The Yoruba

Carolyn Greely '92 (English 32, 1989)

The people of Nigeria belong to over two hundred different ethnic groups, each with its own language, customs and traditions. Of these groups ten constitute over ninety percent of the population. The Yoruba, the third largest, inhabit parts of south-western Nigeria. At one time of considerable power and importance, the Yoruba kingdom broke up through a series of internecine wars for which the slave trade was largely responsible. The Yoruba people divide into numerous independent kingdoms that share an origin myth, but probably have never belonged a single political unit. Despite their independence from each other, they remain somewhat unified by their common allegiance to their sovereign, the Alafin of Oyo.

Most Yoruba men farm as an occupation, raising yams and corn as staple crops, and in this century, cocoa has become an important cash crop. Cocoa is the largest cash crop from Nigeria, and the Yoruba produce over ninety percent of it. Other men work as traders or craftsmen, as their economy is structured around agriculture, trading, and handicrafts. Yoruba women do no farm work, but they control much of the complex market system--their status depends more on their own position in the market than on their husband's status.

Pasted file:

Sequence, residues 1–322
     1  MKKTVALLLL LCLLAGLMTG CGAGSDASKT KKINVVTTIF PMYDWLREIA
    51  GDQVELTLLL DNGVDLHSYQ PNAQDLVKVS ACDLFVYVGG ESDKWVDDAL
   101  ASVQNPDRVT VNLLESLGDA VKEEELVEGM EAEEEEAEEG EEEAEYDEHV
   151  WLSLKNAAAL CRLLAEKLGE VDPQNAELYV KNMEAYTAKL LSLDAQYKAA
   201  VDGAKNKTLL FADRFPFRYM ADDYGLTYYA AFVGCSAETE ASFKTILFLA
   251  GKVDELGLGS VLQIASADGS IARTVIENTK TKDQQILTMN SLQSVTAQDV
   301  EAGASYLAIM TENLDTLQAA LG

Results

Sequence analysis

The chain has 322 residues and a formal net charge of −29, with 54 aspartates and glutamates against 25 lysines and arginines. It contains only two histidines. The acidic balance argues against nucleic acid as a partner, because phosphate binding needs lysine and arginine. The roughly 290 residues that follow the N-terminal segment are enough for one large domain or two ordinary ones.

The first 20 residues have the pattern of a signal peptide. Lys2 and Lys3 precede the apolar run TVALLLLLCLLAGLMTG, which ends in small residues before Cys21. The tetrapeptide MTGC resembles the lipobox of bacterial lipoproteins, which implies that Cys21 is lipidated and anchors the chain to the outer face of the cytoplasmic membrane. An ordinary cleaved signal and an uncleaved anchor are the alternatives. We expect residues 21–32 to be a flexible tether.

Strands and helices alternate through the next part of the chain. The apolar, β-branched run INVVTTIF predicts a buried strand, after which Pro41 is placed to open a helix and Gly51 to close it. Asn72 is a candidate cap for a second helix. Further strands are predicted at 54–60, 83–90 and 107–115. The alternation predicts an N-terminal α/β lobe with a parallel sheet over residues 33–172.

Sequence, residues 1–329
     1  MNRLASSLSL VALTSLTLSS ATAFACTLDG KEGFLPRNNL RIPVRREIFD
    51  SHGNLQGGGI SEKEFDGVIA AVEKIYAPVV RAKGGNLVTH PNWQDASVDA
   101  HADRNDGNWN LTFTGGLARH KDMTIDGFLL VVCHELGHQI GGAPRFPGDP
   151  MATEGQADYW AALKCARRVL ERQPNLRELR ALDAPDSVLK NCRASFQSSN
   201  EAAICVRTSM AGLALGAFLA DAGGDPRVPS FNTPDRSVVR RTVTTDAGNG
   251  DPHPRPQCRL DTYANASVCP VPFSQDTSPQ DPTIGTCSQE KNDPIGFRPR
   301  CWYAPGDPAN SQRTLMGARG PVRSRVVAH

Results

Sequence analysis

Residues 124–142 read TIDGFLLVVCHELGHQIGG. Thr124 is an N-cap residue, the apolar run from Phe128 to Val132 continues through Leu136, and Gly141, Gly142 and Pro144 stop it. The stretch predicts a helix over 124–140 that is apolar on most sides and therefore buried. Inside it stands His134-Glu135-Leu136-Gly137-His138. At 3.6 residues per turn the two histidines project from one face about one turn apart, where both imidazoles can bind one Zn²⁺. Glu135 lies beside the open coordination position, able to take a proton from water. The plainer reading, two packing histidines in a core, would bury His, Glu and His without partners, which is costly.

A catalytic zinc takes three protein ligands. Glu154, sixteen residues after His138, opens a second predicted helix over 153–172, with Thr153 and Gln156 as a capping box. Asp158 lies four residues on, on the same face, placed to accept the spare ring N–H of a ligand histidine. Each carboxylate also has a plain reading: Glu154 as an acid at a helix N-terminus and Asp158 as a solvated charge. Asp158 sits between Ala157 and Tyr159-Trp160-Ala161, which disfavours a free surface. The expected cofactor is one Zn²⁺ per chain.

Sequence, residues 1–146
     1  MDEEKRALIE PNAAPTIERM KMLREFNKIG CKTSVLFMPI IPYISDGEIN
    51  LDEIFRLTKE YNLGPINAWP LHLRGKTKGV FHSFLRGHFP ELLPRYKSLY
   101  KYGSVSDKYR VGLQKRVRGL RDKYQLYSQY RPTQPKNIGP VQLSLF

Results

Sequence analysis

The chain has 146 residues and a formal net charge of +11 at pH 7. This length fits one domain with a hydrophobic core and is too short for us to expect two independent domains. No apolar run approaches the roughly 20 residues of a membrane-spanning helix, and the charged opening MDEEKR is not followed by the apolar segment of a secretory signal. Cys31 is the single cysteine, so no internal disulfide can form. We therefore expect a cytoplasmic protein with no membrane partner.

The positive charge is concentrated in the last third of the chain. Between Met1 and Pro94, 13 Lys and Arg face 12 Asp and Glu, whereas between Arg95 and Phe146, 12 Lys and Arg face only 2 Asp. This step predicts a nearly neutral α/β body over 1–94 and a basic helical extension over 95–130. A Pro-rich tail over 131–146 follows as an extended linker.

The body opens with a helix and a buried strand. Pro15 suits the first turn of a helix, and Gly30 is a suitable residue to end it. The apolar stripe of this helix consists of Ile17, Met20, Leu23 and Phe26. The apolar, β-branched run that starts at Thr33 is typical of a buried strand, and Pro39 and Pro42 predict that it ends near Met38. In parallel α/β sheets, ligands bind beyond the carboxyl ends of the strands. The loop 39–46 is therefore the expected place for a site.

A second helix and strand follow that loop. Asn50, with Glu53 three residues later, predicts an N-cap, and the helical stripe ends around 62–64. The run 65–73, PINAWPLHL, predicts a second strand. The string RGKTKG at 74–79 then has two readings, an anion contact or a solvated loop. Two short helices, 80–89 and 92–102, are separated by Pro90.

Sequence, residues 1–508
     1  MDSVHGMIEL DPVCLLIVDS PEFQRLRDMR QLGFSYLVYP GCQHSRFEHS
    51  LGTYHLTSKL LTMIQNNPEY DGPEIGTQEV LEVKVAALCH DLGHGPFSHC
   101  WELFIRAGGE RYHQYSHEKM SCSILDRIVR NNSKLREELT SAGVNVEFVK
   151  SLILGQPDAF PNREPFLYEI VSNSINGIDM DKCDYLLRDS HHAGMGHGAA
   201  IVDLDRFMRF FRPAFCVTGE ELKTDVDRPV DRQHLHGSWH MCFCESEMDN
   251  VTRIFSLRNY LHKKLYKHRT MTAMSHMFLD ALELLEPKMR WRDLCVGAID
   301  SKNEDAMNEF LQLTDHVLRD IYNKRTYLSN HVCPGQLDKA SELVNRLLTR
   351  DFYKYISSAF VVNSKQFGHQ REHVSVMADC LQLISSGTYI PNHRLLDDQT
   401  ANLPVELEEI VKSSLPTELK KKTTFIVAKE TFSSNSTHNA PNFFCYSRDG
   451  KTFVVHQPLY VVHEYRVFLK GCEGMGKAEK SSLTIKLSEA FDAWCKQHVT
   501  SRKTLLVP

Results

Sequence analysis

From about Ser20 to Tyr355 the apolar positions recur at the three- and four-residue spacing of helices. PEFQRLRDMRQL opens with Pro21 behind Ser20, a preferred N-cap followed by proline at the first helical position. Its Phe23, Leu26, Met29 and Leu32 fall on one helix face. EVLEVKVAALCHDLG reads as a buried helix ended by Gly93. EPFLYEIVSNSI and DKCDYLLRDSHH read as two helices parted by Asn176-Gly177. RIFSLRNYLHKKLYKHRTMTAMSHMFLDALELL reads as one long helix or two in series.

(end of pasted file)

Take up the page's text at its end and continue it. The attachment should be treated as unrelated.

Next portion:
The Yoruba, the most urbanized Africans in precolonial times, remain so today. Their densely populated towns, many of which have populations over one hundred thousand, traditionally centered on the elaborate palace (Afin) of the king (Oba).

Postcolonial OV Africa OV nigeria OV